US election 2020: What has Trump said about your country?

Sunil Kumar
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President Trump had a slightly bumpy relationship with Theresa May, the first British prime minister he had to deal with in his presidency.

He arrived for his first visit to the UK as president on 12 July 2018 but it was immediately overshadowed by the publication of an interview the US president gave to The Sun newspaper.

In it, he said the UK would “probably not” get a trade deal with the US if the prime minister’s Brexit plan went ahead.

“If they do a deal like that, we would be dealing with the European Union instead of dealing with the UK, so it will probably kill the deal,” he told the paper, adding that Mrs May’s plan “will definitely affect trade with the United States, unfortunately in a negative way.”

But at a joint news conference on the second day of his visit, he changed his tone and said a trade deal “will absolutely be possible” after the UK leaves the EU. He also said Brexit was an “incredible opportunity”.

Mr Trump also met the Queen, although there was no open carriage ride with her through the streets of the capital as the trip was designated a “working visit” rather than an official state visit.

Asked about the protests that greeted his arrival in the UK, he insisted many people were “delighted” he was visiting, adding: “I get thousands of notifications from people in the UK that they love the president of the United States.”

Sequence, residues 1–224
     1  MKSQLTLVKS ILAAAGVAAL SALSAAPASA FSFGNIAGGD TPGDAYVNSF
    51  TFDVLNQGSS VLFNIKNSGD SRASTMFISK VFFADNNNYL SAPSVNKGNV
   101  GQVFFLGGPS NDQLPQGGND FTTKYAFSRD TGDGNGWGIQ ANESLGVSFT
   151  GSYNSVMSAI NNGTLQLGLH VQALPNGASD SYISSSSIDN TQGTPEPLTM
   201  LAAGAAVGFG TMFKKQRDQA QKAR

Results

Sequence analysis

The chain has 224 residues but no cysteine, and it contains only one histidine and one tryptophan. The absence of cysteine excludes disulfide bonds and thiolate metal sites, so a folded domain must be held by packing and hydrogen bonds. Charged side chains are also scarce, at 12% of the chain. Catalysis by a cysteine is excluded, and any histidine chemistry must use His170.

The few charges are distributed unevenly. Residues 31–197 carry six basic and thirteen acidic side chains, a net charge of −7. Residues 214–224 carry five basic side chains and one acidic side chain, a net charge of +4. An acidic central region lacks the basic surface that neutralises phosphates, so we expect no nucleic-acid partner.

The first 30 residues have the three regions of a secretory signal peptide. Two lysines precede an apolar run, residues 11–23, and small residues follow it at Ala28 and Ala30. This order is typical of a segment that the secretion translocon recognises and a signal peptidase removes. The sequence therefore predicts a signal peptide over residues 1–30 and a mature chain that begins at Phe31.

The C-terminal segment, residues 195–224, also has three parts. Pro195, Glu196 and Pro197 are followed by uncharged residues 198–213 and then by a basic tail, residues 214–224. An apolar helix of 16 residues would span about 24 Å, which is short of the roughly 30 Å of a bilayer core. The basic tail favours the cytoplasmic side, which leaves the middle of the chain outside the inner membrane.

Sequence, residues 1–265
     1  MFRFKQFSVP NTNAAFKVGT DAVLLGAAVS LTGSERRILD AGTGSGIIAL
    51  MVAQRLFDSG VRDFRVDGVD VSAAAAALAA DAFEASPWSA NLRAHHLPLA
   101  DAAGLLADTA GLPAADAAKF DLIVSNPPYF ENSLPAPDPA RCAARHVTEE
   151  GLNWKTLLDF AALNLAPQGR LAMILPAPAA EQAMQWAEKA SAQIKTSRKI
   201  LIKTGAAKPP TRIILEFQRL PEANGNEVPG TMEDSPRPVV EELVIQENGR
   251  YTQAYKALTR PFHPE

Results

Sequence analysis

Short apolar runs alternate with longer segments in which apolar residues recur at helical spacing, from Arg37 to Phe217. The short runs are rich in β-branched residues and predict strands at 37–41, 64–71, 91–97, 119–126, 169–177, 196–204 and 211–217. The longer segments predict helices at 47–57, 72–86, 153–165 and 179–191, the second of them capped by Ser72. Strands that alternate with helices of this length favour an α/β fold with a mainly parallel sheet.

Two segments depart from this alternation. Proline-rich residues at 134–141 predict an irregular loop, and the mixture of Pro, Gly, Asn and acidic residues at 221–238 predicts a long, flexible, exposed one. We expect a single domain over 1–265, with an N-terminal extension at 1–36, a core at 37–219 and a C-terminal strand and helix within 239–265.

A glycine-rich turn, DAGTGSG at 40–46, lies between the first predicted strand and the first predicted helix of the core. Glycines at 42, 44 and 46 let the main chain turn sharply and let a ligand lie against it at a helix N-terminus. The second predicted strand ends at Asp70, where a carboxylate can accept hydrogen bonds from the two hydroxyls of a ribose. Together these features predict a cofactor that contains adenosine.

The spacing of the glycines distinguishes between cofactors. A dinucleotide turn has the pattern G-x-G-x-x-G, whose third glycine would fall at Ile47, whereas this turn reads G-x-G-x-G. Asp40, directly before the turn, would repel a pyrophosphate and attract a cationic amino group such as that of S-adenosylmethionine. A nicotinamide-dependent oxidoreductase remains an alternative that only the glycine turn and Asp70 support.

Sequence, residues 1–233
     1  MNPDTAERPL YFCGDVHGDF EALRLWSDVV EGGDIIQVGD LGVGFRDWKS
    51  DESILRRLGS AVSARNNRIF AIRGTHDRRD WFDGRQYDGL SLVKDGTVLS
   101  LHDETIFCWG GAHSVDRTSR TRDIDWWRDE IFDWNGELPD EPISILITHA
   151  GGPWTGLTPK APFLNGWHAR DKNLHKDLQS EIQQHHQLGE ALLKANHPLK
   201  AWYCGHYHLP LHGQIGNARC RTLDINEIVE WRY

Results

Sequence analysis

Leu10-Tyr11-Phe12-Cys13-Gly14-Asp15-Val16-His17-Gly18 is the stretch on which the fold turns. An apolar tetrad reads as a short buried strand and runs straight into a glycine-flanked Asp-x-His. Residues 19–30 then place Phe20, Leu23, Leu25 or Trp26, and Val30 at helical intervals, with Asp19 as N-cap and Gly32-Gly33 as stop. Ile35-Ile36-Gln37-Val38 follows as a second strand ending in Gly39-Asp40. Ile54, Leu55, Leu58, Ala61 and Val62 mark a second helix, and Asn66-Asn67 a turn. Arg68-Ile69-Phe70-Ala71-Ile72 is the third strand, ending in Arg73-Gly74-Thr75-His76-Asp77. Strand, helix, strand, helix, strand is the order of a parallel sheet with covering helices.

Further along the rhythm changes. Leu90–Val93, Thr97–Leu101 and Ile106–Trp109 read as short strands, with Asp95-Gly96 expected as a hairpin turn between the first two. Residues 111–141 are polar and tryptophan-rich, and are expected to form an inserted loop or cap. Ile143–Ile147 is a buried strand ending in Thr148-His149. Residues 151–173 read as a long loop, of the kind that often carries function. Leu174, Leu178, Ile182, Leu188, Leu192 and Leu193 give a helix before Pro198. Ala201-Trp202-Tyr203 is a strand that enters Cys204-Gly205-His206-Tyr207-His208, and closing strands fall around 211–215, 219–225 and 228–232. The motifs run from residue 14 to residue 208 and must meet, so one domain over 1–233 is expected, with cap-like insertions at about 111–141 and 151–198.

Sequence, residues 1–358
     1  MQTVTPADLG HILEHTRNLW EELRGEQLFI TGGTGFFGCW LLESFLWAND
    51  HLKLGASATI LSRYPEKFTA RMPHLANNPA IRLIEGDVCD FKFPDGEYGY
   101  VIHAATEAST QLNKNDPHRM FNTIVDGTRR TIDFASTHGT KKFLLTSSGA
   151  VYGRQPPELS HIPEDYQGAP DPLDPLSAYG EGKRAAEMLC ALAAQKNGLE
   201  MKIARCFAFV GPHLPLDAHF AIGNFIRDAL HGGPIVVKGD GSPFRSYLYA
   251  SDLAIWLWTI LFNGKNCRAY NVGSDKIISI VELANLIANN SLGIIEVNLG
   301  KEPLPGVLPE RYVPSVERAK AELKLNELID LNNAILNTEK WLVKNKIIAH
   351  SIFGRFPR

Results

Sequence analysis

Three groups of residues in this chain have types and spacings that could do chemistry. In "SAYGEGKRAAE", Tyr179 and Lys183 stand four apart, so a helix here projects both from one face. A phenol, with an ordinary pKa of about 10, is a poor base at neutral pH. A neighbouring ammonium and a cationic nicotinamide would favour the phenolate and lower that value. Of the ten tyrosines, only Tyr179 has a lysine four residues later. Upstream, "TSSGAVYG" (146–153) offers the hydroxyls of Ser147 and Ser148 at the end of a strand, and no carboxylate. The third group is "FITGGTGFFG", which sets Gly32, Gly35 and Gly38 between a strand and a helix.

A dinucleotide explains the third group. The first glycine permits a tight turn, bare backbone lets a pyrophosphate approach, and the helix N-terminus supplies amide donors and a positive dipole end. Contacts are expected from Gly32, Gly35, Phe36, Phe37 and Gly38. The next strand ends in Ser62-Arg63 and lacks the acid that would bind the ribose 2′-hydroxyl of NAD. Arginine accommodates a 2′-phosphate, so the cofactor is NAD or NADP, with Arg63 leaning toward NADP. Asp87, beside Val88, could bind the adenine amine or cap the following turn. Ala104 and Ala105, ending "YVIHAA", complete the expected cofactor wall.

But when he arrived in London for a state visit the following year, he was welcomed by further protests and a giant balloon depicting him as a baby.

This time around, the president was given the honour of a state banquet at Buckingham Palace with the Queen, during which he praised the “eternal friendship” between the UK and US.

But earlier in the day, he had called London Mayor Sadiq Khan – who had said the UK should “not roll out the red carpet” for Mr Trump – a “stone cold loser“.

A few weeks later, Mr Trump also laid into Mrs May and her proposed Brexit deal, tweeting: “What a mess she and her representatives have created. I told her how it should be done, but she decided to go another way.”

So it was little surprise when Mr Trump appeared excited to congratulate Boris Johnson on becoming the new prime minister in July 2019, saying: “He will be great!”

When asked what advice he would give to Mr Johnson on Brexit, the president replied: “He needs no advice. He’s the right man for the job. I’ve been saying that for a long time.”

While the pair have enjoyed warm personal relations, there have been some differences on policy, most notably on China, the Iran nuclear deal and the future of Nato.

But after this year, they now have another thing in common – they both got and recovered from coronavirus. When Mr Johnson left intensive care back in April, Mr Trump said it was “great news” and after he returned to the White House to recover from the virus in October, he thanked the British PM for “his friendship and support”.





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